Finger reconstruction distal to the proximal interphalangeal (PIP) joint is a challenging task for hand surgeons. Although extended reverse dorsal metacarpal artery (RDMA) flaps were described for coverage of finger defects, reports on repairs beyond the PIP joint are limited. The occurrence of venous congestion of the flaps and their treatments require further clarification.
Methods: Extended RDMA flaps were used to cover the finger defects extending from the PIP joints to the fingertips in a series of 16 patients. The reconstructed fingers included the index, middle, ring, and little fingers; thumb reconstruction was not included in this study. The flap size ranged from 2.5 × 1.8 to 5 × 3 cm. A composite flap with a segment of tendon was applied for a complex reconstruction in 4 cases. Either superficial branch of radial nerve or dorsal branch of ulnar nerve was included in flap elevation because of its perineural vascular network contributing to the flap perfusion. The pivot point was located at the level of the middle point of the proximal phalanx, where the communicating branches between the proper palmar digital artery and the dorsal metacarpal artery exist. A teardrop skin pedicle was used to reduce the tension of the flap pedicle.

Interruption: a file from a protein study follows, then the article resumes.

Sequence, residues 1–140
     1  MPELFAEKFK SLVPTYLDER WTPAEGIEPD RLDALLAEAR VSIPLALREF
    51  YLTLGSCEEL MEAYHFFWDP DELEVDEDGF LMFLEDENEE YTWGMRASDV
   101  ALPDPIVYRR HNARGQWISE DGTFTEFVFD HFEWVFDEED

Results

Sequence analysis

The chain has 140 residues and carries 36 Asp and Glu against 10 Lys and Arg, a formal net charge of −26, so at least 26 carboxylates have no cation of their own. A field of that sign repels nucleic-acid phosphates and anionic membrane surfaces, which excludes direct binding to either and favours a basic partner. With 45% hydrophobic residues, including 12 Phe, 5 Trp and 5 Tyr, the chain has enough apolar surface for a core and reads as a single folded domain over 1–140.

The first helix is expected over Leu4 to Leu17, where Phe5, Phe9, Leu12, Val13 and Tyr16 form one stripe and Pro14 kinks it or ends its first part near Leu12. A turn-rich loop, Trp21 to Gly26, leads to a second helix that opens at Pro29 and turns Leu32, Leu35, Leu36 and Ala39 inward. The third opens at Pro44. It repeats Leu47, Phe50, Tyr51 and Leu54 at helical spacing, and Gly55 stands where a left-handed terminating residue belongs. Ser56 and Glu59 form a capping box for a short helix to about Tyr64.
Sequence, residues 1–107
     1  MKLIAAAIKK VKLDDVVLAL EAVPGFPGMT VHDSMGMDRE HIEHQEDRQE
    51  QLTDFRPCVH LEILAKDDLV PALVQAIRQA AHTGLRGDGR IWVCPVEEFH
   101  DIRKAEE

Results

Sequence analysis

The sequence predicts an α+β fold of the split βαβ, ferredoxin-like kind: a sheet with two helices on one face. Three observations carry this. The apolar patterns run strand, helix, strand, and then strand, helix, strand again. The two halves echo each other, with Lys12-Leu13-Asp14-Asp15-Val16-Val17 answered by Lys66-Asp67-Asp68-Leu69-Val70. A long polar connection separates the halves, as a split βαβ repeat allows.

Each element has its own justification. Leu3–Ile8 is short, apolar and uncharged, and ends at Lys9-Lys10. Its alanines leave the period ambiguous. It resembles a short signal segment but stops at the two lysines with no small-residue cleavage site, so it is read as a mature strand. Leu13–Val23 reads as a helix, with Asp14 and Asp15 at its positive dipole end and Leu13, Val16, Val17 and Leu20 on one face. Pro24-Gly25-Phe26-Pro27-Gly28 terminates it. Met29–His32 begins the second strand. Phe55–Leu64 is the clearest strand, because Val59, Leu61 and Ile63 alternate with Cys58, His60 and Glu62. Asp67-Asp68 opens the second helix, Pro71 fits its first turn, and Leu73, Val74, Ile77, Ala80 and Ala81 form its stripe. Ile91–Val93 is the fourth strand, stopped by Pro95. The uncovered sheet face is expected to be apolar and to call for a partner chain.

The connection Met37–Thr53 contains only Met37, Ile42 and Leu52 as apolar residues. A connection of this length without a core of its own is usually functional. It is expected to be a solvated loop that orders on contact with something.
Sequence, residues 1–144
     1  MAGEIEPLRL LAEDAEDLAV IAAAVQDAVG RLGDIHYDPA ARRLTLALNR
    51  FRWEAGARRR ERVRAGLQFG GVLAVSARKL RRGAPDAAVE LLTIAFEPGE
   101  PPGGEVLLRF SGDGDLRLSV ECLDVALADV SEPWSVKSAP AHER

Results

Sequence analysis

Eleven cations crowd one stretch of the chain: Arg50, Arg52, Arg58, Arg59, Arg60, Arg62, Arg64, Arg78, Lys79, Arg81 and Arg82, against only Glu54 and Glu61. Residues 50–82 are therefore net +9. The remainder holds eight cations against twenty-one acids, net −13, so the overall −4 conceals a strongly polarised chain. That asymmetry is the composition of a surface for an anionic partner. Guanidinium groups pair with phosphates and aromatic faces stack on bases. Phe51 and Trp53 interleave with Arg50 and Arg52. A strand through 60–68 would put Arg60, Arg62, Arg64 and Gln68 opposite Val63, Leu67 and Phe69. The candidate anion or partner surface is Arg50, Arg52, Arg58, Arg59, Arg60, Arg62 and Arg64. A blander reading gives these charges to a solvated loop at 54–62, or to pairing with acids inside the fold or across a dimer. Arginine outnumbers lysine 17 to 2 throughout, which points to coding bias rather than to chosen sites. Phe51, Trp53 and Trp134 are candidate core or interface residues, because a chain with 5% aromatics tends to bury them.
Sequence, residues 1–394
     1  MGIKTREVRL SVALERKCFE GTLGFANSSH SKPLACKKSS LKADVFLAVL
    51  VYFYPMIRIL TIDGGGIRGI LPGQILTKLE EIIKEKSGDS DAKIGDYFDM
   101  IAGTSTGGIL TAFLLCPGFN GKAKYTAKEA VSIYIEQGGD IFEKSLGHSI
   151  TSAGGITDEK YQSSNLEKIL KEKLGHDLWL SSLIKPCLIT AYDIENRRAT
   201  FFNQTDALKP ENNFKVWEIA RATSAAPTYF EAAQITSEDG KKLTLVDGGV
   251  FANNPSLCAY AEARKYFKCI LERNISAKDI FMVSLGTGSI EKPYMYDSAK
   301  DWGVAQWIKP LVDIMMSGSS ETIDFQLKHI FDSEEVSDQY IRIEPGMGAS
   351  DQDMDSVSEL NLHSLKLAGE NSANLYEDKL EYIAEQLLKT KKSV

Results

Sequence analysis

Results: All flaps totally survived except that 1 flap had epidermal loss later salvaged by secondary skin grafting. Venous congestion occurred in the distal part of 5 flaps and was effectively relieved after multiple subcutaneous heparin injections. Neither of the 2 cases of nerve repair resulted in significant improvement in sensation. All donor sites were primarily closed.
Conclusions: Extended RDMA flaps can be effectively applied in the reconstruction of finger defects beyond PIP joint. Its advantages include a simple dissection, single-stage reconstruction, and preservation of digital artery and nerve. The donor site can be primarily closed if the flap width is less than 3 cm. Multiple subcutaneous heparin injection is a preferred solution in cases where venous congestion occurs in the flap.
From the Department of Plastic, Hand and Aesthetic Surgery, Shanghai First People’s Hospital, Shanghai Jiao Tong University, Shanghai, China.
Received April 17, 2012, and accepted for publication, after revision, July 15, 2012.
Conflicts of interest and sources of funding: none declared.
Address correspondence and reprint: Zunli Shen, MD, PhD, Department of Plastic, Hand and Aesthetic Surgery, Shanghai First People’s Hospital, Shanghai Jiao Tong University, No. 100, Hai Ning Rd, Shanghai 200080, China. E-mail: email@example.com.